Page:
I'll try it tomorrow.

edit: @Terry Yager: also many thanks.
But now I go to bed ( it 's 01.00 am in Europe)
Bye

hermes
August 1st, 2005, 10:15 AM
The dip switches:
1 on=8087 coprocessor not installed
off=8087 coprocessor installed
2 on=one diskette drive installed \ setting of drive type is not
off=two diskette drives installed / needed, bios will determine
3 mem size
4 mem size
5 on=parallel port disabled
off=parallel port enabled as lpt1
6 reserved
7 on=serial port disabled
off=serial port enabled as com1
8 on=fixed disk port disabled
off=fixed disk port enabled at 320-323 hex
The p3105 uses a XT-IDE type hard disk at this port. It can also
use regular mfm hard disks with a controller card in one of the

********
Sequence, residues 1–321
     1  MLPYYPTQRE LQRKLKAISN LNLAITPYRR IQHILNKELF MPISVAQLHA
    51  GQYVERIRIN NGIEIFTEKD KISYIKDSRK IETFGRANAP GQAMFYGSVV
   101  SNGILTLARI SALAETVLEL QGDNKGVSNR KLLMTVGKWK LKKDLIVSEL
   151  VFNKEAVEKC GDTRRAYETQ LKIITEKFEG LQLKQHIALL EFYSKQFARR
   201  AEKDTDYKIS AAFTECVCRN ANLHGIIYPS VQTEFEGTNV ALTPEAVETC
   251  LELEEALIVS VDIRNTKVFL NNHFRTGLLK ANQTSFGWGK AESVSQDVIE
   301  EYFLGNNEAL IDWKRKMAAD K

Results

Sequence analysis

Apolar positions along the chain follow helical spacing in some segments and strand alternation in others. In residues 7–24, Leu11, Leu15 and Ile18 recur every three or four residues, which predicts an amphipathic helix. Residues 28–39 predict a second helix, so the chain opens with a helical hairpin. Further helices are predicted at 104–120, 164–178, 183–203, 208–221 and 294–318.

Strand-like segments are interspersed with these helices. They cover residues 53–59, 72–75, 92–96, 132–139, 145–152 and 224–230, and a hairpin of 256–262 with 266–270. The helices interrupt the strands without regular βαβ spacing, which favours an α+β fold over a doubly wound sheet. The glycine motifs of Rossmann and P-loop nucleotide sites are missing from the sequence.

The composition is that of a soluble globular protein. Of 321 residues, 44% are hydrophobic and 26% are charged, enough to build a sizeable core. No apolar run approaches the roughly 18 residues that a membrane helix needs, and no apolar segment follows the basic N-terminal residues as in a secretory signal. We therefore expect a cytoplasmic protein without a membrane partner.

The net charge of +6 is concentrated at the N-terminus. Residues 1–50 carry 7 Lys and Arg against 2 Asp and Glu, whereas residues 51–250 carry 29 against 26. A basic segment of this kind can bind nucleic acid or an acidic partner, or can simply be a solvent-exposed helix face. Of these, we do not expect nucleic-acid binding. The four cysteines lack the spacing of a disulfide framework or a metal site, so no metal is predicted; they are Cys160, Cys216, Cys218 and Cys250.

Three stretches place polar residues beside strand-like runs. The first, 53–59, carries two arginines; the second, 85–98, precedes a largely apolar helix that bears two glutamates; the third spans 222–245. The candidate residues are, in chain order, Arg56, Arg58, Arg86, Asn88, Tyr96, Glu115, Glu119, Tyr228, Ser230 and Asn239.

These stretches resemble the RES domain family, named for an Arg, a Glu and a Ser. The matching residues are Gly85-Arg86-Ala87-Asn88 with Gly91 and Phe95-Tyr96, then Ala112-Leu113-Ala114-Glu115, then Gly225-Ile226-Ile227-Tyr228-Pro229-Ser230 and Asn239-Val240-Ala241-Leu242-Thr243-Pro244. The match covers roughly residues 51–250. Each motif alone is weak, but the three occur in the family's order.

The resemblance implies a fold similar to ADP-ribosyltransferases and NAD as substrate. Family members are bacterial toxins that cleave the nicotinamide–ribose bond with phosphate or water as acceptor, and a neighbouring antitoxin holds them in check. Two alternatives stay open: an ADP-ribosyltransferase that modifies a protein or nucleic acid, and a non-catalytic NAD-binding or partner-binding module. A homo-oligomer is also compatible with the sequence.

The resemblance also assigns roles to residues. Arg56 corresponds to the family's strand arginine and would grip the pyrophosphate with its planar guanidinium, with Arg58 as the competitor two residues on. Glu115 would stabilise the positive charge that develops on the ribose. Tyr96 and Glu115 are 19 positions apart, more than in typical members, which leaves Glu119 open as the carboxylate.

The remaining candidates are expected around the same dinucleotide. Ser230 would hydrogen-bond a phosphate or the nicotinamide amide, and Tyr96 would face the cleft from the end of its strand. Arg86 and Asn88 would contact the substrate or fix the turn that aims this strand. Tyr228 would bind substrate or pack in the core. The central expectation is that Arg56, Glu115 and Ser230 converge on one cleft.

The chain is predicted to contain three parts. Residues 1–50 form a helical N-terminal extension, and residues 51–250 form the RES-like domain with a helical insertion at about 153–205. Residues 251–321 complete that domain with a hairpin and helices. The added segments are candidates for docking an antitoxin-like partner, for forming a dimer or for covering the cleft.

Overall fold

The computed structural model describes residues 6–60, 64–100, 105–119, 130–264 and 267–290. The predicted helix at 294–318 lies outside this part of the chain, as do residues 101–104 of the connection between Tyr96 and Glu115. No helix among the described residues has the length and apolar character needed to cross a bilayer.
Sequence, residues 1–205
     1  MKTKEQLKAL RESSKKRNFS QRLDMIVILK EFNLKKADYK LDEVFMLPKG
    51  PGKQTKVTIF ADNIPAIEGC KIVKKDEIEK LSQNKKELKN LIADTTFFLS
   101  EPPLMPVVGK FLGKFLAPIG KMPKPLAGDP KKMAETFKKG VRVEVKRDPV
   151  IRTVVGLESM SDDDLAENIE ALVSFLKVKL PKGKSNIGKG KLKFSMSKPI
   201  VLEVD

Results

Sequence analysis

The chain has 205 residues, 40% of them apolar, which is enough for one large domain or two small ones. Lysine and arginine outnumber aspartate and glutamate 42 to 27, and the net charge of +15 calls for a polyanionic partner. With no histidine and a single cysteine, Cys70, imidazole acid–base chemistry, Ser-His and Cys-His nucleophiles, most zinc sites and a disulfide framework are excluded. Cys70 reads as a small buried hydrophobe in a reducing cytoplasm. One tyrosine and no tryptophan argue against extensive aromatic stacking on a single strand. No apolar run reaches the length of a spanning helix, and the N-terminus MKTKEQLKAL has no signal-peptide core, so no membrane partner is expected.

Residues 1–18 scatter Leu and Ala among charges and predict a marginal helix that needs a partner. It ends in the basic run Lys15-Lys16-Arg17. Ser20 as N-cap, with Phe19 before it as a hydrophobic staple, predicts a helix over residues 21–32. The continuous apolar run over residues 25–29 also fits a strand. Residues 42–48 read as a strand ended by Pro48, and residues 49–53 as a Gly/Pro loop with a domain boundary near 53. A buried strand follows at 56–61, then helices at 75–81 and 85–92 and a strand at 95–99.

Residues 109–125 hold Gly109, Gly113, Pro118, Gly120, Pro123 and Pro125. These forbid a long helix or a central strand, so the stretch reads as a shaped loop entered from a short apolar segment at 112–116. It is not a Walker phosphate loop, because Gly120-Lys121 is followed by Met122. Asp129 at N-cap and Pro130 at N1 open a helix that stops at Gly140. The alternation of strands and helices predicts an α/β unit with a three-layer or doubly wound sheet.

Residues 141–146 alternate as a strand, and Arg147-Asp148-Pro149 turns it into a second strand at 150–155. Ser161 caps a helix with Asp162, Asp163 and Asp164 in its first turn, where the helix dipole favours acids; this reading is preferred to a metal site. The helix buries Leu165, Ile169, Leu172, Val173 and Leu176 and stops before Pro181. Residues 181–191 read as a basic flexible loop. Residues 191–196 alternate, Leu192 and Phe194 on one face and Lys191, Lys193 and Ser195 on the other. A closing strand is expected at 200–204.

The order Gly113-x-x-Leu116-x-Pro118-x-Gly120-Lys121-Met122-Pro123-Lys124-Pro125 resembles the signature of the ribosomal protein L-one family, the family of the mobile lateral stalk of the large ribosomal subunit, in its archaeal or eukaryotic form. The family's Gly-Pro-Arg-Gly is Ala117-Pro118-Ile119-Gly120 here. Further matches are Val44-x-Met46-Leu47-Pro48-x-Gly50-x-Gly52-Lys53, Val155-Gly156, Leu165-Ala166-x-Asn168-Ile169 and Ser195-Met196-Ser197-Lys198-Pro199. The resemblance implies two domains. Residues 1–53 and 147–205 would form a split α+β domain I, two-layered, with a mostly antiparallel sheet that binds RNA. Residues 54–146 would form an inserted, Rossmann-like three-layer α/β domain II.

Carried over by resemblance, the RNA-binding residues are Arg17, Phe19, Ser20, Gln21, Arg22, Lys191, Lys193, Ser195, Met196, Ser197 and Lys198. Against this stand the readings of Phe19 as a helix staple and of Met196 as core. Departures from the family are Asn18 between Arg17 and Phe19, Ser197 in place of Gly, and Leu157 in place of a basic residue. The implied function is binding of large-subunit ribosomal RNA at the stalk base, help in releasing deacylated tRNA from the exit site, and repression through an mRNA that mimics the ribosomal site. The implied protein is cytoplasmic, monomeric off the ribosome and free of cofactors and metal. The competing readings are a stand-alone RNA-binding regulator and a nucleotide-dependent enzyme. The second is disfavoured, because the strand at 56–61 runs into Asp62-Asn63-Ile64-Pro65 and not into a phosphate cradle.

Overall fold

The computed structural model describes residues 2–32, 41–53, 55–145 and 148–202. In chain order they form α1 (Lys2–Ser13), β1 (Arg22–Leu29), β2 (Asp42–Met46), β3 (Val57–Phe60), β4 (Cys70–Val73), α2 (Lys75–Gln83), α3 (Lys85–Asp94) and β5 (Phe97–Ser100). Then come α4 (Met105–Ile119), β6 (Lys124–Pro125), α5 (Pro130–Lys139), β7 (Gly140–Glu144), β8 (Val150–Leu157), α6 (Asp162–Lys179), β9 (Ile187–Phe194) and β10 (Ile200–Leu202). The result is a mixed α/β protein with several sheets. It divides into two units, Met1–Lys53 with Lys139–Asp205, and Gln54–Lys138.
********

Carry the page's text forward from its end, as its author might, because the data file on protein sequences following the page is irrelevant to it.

slots. When you do this, sw8 should be ON.

On my computer switch 1 is on, switch 2 till 8 are off.
Is that OK?
@Terry Yager: I can't make 5.25" on this computer, only 3.5".
But you think the Philips can also boot from a 3.5"?
Do I have to change switches for boot from a 3.5"?
On this computer (Windows XP) is also MS-DOS.
Can I copy the MS-DOS files of this computer to a diskette and boot from that diskette?

Thanks
Hermes

Terry Yager
August 1st, 2005, 12:27 PM
Ok, according to your switch settings, it's looking to boot from a hard drive. If the hard drive is non-functional, try setting switch 8 to "on", and see if it will boot from your floppy then.